Coronavirus devastates Filipino immigrant family in Rogers Park

Battling COVID-19 in the hospital, Luis Tapiru Sr. wakes to learn his wife Josephine and son Luis II have died of the virus. ‘He was in shock,’ his other son says.

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Luis Tapiru (right) is still struggling with the loss of his son Luis Tapiru II and his wife Josephine from COVID-19 last April. It nearly killed him, too.

Luis Tapiru II (left) died April 14 from COVID-19. His mother Josephine died four days later. His father Luis I remains hospitalized with the disease. They’re pictured last Christmas at a friend’s house.


Twenty-year-old Luis Tapiru II became one of the youngest casualties of COVID-19 in the Chicago area when he was found dead on the couch of his family’s Rogers Park condo on April 14.

His parents, Josephine and Luis Sr., already stricken with the disease, were fighting for their lives at AMITA Health St. Francis Hospital in Evanston when their son died at home alone.

Four days after her son’s death, Josephine, 56, who worked as a nurse at a nursing home, died.

It wasn’t until Thursday that Luis Sr. was informed of their deaths. Doctors waited until he was off a ventilator before telling him.

“He was in shock. He was in tears. He couldn’t believe it,” said the family’s other son, Justin Tapiru, 28, who helped deliver the news via FaceTime from Canada, where he lives.

COVID-19 has dealt a terrible blow to thousands of families around Chicago, but it has been particularly cruel to the Tapirus, a hardworking immigrant family deeply committed to their faith.

The Tapirus moved from Gatineau, Quebec, about 13 years ago. Josephine found a nursing job and thought Chicago would be a more exciting place to live. She had an uncle living here.

Natives of the Philippines, Josephine and Luis Sr. were described by their son as “really devout Christians” active in Couples for Christ, a Catholic lay movement founded in Manila. They attended St. Gertrude Catholic Church.

Luis Sr., who goes by Loy, works a manufacturing job in Wheeling and as a part-time caregiver. Josephine worked at two nursing homes at times, often putting in 12-hour days.

“My parents are like that,” Justin Tapiru said. “They loved to work all the time.”

That didn’t prevent Josephine from calling Canada three times a day to check in with her mother, Soledad Santos.

Santos explained their bond simply: “She was my only daughter. I had six sons.”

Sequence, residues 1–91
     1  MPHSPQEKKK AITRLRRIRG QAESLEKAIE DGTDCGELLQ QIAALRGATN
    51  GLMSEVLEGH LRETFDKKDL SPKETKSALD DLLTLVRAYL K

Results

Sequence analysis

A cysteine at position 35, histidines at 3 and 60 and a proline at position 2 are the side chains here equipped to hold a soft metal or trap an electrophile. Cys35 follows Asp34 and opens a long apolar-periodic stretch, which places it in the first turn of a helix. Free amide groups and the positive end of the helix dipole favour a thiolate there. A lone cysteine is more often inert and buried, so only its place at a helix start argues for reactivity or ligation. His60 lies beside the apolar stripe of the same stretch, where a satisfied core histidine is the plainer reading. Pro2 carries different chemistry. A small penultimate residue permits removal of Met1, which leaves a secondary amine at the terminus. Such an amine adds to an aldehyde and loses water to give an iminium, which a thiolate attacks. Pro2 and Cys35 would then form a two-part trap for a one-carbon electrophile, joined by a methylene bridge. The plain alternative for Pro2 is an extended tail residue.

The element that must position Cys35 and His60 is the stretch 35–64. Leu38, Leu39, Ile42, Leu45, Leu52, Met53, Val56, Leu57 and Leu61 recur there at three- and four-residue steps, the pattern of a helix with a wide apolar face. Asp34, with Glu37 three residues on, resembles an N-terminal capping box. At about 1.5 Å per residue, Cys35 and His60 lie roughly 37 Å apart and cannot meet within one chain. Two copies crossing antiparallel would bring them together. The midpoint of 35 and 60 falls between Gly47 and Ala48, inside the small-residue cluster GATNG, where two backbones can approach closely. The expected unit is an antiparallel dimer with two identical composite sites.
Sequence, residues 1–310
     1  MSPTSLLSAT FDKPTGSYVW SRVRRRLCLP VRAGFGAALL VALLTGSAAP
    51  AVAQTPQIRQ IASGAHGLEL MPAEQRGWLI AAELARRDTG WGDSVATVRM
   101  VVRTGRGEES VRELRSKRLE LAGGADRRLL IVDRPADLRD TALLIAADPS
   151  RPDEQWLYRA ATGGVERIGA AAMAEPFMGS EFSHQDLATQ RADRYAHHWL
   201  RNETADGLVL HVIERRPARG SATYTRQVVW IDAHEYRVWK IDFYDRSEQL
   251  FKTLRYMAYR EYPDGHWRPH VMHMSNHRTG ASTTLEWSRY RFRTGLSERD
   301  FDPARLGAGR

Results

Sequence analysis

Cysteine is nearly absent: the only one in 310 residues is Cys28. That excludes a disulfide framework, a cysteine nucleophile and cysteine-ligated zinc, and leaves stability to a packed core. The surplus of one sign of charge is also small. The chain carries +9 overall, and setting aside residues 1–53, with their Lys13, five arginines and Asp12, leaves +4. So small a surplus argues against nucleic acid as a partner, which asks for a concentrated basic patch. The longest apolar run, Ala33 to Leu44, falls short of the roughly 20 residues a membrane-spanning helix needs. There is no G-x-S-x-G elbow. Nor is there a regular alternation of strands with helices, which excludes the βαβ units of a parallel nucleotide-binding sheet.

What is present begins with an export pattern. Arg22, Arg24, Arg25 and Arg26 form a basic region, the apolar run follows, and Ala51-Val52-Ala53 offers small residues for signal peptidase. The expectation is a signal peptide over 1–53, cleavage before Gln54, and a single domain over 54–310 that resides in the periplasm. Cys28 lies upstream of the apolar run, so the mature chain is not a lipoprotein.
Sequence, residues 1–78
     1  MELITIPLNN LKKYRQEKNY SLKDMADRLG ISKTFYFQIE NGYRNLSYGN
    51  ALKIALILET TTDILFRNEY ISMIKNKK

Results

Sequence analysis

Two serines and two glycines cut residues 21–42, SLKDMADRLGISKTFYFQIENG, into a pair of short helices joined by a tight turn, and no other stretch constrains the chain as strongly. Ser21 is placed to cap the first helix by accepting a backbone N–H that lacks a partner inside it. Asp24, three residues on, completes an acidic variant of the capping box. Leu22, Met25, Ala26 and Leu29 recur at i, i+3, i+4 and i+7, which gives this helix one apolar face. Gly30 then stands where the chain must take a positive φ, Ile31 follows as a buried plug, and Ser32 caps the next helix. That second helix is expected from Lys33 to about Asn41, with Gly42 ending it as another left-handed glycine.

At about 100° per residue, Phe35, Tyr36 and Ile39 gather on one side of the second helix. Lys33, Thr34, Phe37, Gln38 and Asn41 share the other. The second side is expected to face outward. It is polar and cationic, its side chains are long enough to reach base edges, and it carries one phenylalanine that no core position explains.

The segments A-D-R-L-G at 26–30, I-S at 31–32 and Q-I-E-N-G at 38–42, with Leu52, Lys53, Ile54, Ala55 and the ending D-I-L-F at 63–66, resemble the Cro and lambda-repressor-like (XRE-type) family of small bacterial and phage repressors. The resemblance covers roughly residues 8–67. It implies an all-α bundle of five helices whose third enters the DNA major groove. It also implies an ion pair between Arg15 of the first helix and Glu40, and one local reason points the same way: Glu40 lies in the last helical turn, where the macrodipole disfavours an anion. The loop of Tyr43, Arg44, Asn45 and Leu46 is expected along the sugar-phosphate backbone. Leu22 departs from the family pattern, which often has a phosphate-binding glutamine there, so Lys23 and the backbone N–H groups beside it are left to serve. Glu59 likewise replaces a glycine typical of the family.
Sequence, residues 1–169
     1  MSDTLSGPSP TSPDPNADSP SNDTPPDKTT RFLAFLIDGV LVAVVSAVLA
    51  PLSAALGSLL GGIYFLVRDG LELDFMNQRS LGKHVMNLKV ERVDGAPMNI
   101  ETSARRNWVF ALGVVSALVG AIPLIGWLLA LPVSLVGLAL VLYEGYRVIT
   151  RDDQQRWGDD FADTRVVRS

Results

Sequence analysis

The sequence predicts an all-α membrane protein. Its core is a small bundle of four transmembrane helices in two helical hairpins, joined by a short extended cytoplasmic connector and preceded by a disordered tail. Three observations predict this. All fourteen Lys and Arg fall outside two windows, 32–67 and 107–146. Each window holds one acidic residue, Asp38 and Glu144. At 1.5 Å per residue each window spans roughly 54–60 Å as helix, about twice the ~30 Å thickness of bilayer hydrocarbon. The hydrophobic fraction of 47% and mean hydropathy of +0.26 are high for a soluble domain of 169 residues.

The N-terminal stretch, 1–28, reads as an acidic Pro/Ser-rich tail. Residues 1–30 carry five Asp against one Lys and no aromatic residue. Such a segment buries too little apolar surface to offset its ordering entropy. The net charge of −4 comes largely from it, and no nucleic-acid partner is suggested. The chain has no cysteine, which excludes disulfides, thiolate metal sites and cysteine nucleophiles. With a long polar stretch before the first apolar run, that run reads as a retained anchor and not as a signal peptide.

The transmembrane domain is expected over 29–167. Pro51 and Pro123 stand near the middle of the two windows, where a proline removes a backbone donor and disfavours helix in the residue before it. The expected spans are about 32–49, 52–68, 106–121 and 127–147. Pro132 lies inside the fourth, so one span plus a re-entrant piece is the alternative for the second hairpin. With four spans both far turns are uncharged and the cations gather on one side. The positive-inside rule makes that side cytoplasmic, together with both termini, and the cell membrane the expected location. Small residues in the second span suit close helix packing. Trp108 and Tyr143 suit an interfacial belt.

Josephine also found time for her best friends — Donna Oduca and Joselyn Smith — and the variety shows on Filipino television.

Luis II was a student at Harold Washington College. He started at University of Illinois Chicago, studying computer science, but didn’t like it and transferred to Harold Washington, where he switched to communications and seemed to be finding his groove.

His passion was video games, Call of Duty his favorite, his brother said. On the gamer streaming service Twitch, he went by “Taps.”

“Hopefully one day I can make this a full time thing!” Luis II wrote in his Twitch profile.

He worked part-time at Jollibee, the Filipino fried-chicken chain, before moving to Best Buy. The jobs helped him open up and make friends, his brother said.

Luis II also loved K-pop, especially the girl group TWICE, whose posters hung on his walls.

He graduated from Senn High School, where he played football for a while.

Luis II was 5-9, 260 pounds and suffered from asthma. Obesity and asthma are both risk factors that can result in coronavirus symptoms being more severe in some patients, especially young people.

The Tapirus lived in an apartment in the 6200 block of North Kenmore Avenue.

Josephine Tapiru was the first in the family to fall ill, in late March. Her son thinks she was infected at work. A coworker had been sick.

After being found unresponsive at home on April 4, Josephine was rushed to St. Francis and placed in an induced coma.

Luis II and his father tested positive days later. The doctor instructed them to isolate at home, Justin said.

On Good Friday, April 10, Luis Sr. was rushed to the hospital.

Justin and his grandmother called Luis II regularly to check on him. On April 13, he told them he was fine. His grandmother could tell he wasn’t and told him to get to the hospital. Followup calls went unanswered. By the next day, when police responded to a request for a well-being check, he was gone.

The Tapirus’ Canadian friends started a GoFundMe campaign for the family after the parents were hospitalized. By Thursday night, they had raised more than $24,000 toward an initial goal of $20,000, the tragic turn of events having moved the goalpost.

“This level of a personal loss for us all, but most especially for the immediate members of the Tapiru family, is truly unimaginable,” they wrote on the GoFundMe page.

Justin Tapiru said his last words to his mom and little brother were: “I love you, take care.”

“I always hoped for the best but planned for the worst, so I always made it clear how much I loved them,” he told me.

That’s always a wise approach to life, especially in the year of the coronavirus.

Luis Tapiru II.

Luis Tapiru II.


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